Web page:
Immersed in Christ: November 27, 2020
Friday of the Thirty-fourth Week in Ordinary Time
The Responsorial looks forward with longing to the “end time”: “Here God lives among his people” (Revelation 21:3; Psalm 84).
Revelation 20:1 to 21:2 describes heaven as the marriage between God and humanity.
And I saw a new Jerusalem, the holy city, coming down out of heaven from God, beautiful as a bride prepared to meet her husband.
We wonder what heaven will be like. And we should. Heaven is our future. It is where we will be forever, once our few years on this earth are over. If heaven is where — or how — we will live for all the rest of our existence (which will never end), we might want to have some idea of what it will be like!
Jesus’ preferred image for heaven was a party, a banquet, especially a wedding banquet 1 What kind of party does Jesus throw? He gave us a hint when he told people the kind of parties they should give:
When you give a banquet, invite the poor, the crippled, the lame, and the blind….
One of the people there, on hearing this, made the connection immediately and said, “Blessed is anyone who will eat bread in the kingdom of God!” (Luke 14:13-15). He saw that the kingdom would unite the whole human race, without any distinctions, in one happy, celebrating community of love.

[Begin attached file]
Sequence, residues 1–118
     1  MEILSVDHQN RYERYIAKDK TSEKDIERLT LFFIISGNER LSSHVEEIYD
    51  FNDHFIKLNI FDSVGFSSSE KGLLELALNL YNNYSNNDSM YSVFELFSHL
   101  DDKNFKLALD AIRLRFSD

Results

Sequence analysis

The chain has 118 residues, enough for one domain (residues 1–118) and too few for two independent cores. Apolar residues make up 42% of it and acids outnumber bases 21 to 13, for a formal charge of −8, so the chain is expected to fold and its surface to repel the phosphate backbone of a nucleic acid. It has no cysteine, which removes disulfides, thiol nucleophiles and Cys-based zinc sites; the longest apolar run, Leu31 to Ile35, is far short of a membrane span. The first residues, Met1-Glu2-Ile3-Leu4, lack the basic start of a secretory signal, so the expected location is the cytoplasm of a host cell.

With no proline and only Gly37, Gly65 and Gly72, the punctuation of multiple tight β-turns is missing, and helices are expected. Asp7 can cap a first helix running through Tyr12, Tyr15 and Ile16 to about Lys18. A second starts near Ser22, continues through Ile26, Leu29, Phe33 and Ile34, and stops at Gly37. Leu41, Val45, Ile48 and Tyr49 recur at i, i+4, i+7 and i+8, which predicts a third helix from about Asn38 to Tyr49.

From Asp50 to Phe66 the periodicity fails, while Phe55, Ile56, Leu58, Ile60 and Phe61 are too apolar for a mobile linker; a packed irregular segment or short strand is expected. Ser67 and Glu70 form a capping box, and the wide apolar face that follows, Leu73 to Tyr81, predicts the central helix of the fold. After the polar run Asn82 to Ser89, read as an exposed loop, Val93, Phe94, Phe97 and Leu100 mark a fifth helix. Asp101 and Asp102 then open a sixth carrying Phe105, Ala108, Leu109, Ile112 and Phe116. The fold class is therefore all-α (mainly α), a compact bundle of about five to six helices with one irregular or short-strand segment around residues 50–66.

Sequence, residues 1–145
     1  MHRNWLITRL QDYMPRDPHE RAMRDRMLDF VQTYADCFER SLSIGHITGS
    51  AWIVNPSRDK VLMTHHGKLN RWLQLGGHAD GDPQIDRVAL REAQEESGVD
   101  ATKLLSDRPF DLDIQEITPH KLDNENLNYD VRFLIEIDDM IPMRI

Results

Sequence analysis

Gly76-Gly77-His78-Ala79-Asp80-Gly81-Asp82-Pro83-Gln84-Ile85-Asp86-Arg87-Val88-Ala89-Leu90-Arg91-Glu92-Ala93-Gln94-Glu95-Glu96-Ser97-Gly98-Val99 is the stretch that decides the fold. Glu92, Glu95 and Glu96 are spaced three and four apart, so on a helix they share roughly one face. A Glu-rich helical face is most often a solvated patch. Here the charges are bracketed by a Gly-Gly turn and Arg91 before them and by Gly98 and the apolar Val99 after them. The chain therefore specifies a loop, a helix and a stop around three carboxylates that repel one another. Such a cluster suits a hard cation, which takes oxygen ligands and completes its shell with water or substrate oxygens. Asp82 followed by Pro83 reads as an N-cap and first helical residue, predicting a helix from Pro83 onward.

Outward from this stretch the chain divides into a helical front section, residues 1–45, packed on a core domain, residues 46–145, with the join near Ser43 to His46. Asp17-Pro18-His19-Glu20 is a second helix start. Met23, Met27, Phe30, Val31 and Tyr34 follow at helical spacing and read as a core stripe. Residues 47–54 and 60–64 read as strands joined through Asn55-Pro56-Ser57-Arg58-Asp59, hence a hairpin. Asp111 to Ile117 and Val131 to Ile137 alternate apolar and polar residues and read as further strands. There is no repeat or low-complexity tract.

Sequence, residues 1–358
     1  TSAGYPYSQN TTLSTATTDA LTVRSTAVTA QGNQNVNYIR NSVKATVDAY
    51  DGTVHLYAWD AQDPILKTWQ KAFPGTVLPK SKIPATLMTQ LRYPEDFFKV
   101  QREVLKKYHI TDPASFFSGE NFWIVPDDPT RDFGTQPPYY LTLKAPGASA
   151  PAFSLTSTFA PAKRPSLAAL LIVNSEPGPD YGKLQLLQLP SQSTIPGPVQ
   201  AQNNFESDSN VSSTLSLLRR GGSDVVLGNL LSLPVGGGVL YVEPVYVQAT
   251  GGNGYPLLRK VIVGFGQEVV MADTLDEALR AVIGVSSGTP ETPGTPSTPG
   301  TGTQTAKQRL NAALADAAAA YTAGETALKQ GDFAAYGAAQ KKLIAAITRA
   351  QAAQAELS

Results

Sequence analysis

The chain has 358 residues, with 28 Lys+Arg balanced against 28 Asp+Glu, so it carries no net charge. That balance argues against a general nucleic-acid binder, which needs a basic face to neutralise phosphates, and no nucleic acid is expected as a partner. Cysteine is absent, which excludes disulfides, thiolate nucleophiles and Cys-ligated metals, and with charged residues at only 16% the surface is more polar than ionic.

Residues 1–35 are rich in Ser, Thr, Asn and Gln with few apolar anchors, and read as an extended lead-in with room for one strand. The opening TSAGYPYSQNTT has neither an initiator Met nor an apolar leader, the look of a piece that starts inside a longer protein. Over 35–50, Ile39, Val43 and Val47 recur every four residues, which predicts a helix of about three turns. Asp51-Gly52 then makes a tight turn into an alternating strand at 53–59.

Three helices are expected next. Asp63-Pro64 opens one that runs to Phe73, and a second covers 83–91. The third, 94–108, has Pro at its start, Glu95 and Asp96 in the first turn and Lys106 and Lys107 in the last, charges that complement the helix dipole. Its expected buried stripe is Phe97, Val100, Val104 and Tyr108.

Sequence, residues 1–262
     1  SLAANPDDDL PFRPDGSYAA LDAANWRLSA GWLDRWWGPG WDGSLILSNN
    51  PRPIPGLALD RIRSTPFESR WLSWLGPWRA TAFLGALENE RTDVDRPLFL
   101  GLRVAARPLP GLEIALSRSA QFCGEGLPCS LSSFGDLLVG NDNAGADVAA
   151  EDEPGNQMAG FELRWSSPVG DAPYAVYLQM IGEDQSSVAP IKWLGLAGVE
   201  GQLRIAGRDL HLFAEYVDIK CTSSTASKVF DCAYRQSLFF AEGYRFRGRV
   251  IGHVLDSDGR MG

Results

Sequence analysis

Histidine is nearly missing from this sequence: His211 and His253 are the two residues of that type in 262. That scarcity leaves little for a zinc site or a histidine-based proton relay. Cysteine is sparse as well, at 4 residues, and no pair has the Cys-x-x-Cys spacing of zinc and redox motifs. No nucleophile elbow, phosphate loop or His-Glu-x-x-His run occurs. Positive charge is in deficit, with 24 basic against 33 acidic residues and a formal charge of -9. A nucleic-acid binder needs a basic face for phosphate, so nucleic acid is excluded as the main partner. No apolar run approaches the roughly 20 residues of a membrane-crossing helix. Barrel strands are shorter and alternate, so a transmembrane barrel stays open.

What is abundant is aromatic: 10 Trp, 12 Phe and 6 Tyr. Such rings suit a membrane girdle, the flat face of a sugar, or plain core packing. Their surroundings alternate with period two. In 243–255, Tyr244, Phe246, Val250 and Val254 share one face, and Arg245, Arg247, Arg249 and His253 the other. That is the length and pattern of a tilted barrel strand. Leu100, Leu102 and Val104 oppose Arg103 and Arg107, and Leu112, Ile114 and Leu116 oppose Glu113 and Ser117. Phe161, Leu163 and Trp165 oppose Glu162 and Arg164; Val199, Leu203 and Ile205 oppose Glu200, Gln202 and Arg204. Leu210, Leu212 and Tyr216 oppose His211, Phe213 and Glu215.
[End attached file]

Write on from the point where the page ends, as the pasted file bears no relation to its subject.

We get another hint at the wedding feast of Cana. It was a small-town wedding where there could not have been even a hundred guests. When the wine ran out, Jesus changed water into 136 gallons more! He made party history in Cana!
Then his disciples realized what he had come for. He came to do to human life on earth what those 136 gallons of wine did to a little country wedding feast. The Gospel’s comment is: “He revealed his glory; and his disciples believed in him.”
The “bread” of the wedding feast is Jesus himself. This is what the Our Father teaches us to focus our daily desire on: Jesus as both the daily and future “bread,” the “Bread of life” that feeds our joy now and forever. This and perfect peace and reconciliation between all people and with God: “Forgive… as we forgive.” This is the kingdom that, as faithful stewards we are working to establish.
In Luke 21:29-33 Jesus tells us to interpret current events, good and bad in the light of their significance for the Kingdom: “When you see these things taking place, you know that the kingdom of God is near.” It is happening now, but we need to be alert to it.
Initiative: Be Christ’s steward: look to a glorious future and work for it.
1 See Matthew 9:15; 22:2-14; 25: 1,10; Mark 2:19; Luke 12:36; 14:8, 14-17; 17:8; 22:20 (the Last Supper); John 2:1; 3:29; Revelation 19:7-9; 21:9; 22:17.